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Cold Hard Change

Posted by David A. Couper, MA on September 11, 2014 10:30 AM

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We bought a new refrigerator recently.  Not really a big occasion.  Our old one was ten years old, was working fine, but was showing its age (like me) with some dents and dings.  A friend needed one for an apartment he was renting so we bought a new one and he got the old one.  It was the exact same brand, model, and size.  When my eight-year-old son came into the kitchen and saw the new one and the old one sitting in the breakfast area waiting to be picked up to go to its new home, he went bananas.

“Dad, I want you to put back that refrigerator.  I loved that refrigerator for ever.”

My years of communication skills training failed me. 

“It’s the same as the old one.  What’s the difference?”

He stamped his foot.  He doesn’t normally get upset by change.  He is adopted.  My partner died and he lost a parent.  He has changed schools three times.  He has changed bedrooms three times, too.  He is resilient.  Or so I thought.

“Dad, put the refrigerator back right now.”

If he had been talking about a loaded weapon, he could not have been more serious.

I just didn’t know what to do.  So I did what many parents would do at that point. 

“Do you want to watch TV as you’re upset, or do some games on the iPad?”

In the week, he doesn’t have screen time so this was a treat.

“No, I want the refrigerator back.”

I didn’t understand it, but at that moment, this change upset him. He didn’t like it and he wanted things back the way they were.  Even though it made no sense.  Perhaps it was just one too many changes in a young kid’s life or maybe he needed to eat or was tired.  But it mattered at that moment, although he was fine the next day when the old one was taken away.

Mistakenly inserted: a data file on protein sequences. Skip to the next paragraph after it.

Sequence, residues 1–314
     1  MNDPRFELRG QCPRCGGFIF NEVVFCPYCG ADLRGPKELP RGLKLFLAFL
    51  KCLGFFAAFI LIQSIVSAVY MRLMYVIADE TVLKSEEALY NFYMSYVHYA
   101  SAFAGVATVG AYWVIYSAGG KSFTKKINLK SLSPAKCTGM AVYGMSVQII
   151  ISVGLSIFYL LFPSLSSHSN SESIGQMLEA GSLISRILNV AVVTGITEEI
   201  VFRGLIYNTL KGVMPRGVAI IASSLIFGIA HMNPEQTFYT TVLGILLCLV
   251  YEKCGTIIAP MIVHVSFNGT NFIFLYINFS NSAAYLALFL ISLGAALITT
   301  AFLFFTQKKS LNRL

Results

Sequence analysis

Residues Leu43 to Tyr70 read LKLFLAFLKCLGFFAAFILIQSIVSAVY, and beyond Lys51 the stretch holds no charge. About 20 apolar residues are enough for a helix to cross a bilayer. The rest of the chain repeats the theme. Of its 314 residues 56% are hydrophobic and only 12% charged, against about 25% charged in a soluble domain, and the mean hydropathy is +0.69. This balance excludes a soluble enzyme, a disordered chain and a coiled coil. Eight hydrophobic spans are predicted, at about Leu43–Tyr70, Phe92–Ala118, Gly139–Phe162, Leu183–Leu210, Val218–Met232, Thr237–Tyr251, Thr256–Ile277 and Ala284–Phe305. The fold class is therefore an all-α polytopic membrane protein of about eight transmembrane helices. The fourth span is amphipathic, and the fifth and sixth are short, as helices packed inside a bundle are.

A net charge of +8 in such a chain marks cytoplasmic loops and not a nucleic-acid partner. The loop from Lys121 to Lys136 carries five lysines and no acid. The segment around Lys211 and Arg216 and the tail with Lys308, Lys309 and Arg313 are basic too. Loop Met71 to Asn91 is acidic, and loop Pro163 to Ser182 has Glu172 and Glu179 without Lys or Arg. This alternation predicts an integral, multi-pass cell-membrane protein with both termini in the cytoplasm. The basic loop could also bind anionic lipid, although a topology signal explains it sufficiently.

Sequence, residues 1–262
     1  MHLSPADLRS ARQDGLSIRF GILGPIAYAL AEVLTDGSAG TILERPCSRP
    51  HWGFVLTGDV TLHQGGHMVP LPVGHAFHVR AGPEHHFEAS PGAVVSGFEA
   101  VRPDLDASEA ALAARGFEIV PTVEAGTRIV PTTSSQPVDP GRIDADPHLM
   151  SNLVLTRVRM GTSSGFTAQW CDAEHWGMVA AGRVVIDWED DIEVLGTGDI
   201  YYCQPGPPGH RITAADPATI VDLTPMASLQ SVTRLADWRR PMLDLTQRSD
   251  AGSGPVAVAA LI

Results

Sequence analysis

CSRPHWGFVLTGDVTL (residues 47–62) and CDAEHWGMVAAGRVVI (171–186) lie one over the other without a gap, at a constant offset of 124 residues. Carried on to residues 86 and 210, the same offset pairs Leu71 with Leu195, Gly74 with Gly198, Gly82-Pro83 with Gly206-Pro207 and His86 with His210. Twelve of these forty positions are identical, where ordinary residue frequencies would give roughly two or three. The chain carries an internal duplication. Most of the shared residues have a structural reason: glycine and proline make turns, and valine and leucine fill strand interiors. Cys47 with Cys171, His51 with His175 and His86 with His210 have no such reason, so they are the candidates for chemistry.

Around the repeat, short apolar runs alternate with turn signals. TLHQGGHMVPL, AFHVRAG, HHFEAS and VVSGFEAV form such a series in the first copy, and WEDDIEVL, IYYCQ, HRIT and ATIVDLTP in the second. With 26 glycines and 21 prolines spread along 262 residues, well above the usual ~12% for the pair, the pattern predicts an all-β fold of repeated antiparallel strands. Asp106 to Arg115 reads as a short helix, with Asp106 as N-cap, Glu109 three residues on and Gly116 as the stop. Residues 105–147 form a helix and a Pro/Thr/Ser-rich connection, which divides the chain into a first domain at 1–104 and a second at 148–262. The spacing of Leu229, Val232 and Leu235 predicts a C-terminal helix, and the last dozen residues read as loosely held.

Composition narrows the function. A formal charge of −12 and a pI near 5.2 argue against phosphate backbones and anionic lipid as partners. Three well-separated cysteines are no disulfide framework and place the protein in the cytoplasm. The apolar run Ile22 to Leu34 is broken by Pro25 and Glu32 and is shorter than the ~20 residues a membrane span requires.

But it made me think about how we deal with change in companies and organizations.

  • Do we not empathize with someone because, for us, the change makes perfect sense?
  • Do we take for granted that everyone will see the benefits of something new and shiny?
  • Or do we assume that after the first reaction, they will be fine with everything?

What I realized is that people can be upset about change even when it is something small and insignificant, and even though we may not be able to do anything about the change, we can recognize the discomfort.

Change is tough even when it is a change that doesn’t even look like a change!

And as a post script we visited the friend who had taken the old refrigerator a few weeks later.  My son saw the appliance, rushed in, hugged it and greeted it like a long lost friend.  The good thing was that he didn’t want to take it with us but was happy to leave it in its new home!

Photo via Flickr 

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